Fanton Mojah Shares His Philosophies on Music and Life
Right before his performance at Moe’s Alley in Santa Cruz, CA, Jamaican reggae artist Fanton Mojah spoke with Inity Weekly about his love of music and his hopes for the people with whom he shares his talent.
Inity Weekly: So you’re located in Oakland – what it is about this area or people that you enjoy performing to?
Fanton Mojah: It’s roots, ya know. California really likes the roots so they gravitate to our type of reggae and live bands. So we like coming to California because they like true reggae artists.
IW: Yes so true – there are so many good artists coming out to and from California. I know in your music there are a lot of really powerful lyrics – especially in songs like “Stronger” and “Hail the King”. What is it that you strive to impress upon people through your music?
FM: So you’ve been doing your research on Fanton Mojah? (laughs) Well I love reggae music and have embraced it from reggae artists like Peter Tosh and Jacob Miller, ya know. So whenever the people, they call for reggae shows, we have to represent. We come to represent. The people are [feeling] unfortunate – we better be here. Whenever they call, we are here.
IW: One thing that seems to be present in your shows is a power that transcends onto the people – what is this that transcends through you? Where is it coming from?
FM: Well you love yourself, no? If you love yourself, then you can love other people. Love is in the music, music is love. So whenever we sing or we chant to the mass, we are showing them that there is real power, so we are trying to let the people learn of the music and of themselves in the music. At times we will get outraged because of the system and the battlefield that we have to fight through our music. Nothing can harm no one, and so we show them that, yes the Lion is around! So if you try to mute the Lion, then you will hear the Lion sound (roars). It’s like a Lion, ya know, the music, ya know? Take us far, all over the world, to all four corners of the earth. You have to take music with you, fly through space. Reggae music, rap music, rock music, good music, music of the people, positive things in all other music – let’s do music, ya know?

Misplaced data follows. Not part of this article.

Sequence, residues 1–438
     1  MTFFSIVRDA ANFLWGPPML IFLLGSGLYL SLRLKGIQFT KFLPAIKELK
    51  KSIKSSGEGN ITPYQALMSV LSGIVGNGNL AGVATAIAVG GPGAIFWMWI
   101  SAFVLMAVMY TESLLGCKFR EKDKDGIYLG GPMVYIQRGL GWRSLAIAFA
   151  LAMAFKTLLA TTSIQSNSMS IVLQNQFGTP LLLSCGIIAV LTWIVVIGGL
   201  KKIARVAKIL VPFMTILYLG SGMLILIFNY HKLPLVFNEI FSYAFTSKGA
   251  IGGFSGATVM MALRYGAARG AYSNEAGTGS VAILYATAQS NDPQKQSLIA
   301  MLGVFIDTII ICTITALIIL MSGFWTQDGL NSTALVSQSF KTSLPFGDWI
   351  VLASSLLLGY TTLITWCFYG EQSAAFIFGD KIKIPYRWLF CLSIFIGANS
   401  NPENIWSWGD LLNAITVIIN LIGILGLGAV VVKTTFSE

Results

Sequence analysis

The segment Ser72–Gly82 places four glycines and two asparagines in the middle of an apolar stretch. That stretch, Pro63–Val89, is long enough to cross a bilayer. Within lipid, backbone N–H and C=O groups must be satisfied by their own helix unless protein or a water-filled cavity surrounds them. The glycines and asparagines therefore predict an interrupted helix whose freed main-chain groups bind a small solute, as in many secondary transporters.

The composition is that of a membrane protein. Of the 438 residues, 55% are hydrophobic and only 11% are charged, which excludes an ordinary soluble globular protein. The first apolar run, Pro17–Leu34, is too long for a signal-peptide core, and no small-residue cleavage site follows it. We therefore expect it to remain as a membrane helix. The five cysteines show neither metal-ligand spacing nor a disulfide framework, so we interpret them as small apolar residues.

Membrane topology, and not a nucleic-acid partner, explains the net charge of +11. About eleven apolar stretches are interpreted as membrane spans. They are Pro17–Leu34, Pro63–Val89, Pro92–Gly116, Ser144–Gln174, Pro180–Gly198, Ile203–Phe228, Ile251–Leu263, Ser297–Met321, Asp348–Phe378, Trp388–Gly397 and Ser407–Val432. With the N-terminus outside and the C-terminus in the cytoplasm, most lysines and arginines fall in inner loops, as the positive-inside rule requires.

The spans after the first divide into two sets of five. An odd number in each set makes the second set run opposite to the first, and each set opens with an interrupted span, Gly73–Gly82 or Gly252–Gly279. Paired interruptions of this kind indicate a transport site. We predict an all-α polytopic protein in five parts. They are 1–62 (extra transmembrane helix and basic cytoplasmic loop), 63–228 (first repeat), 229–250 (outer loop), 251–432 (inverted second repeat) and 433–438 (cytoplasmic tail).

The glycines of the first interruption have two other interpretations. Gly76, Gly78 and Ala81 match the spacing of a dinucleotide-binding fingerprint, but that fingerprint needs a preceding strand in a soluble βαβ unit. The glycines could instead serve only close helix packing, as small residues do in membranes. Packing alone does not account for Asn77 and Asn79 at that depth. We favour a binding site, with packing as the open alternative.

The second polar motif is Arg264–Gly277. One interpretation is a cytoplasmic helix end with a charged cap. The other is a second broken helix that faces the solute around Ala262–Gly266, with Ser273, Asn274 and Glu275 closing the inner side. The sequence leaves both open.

IW: Yes, I agree! And how did you get into music yourself?
FM: Music had bond with Bob Marley, had bond with Michael Jackson, bond with the youth, music have bond with everyone. Don’t matter black, white, blue, purple – if Jah give you the special talent with music to show the world, [then] show people. People is music, ya know, and music is people.
IW: We at Inity Weekly believe that fully – that’s why we exist.
FM: (Singing) Music alone shall live. Tellin you, music, music alone shall live. Don’t come around, to fight against music, no. Many come round, always abuse it. I believe in music. Music, don’t abuse it. Just love it, love it. Music, reggae music. (Speaking) Music, ya know?
IW: Thank you, that was beautiful! Such a treat – I don’t think anyone has sung in an interview before! Now I’ve read that Capleton is your mentor and someone who has helped forge you into where you are as a musician now. What is it about his teaching that you’ve held onto?
FM: People have said that I am the son of Jacob Miller and then Capleton named me. You have to respect him for that because he is one of the legends. But, this is Fanton Mojah. So one of the legends has named me. And I love him for that. The people, they look at me, they look at music.
IW: Have there been any humanitarian efforts or issues that you are passionate about that you have been able to raise consciousness through your music?
FM: My hope and my justice for the world: I would like to see the world incorporate every flesh, every human being on the face of the earth, we are one, no matter what color, no matter where we come from. If I have something over here that you want, and if I have something you have that I want, let’s trade together. You give me something, and I will give you something. Don’t believe in sneaking, war, violence, and soldier going to war, leaving their family and die. And they only come back on our backs for their reality, their symmetry. In my case, I say this: our President and our people in the world of all cultures [should] pull every soldier from war. Let us farm and build great things and have great plans, and take care of the world. Rastafari! – Carla Felten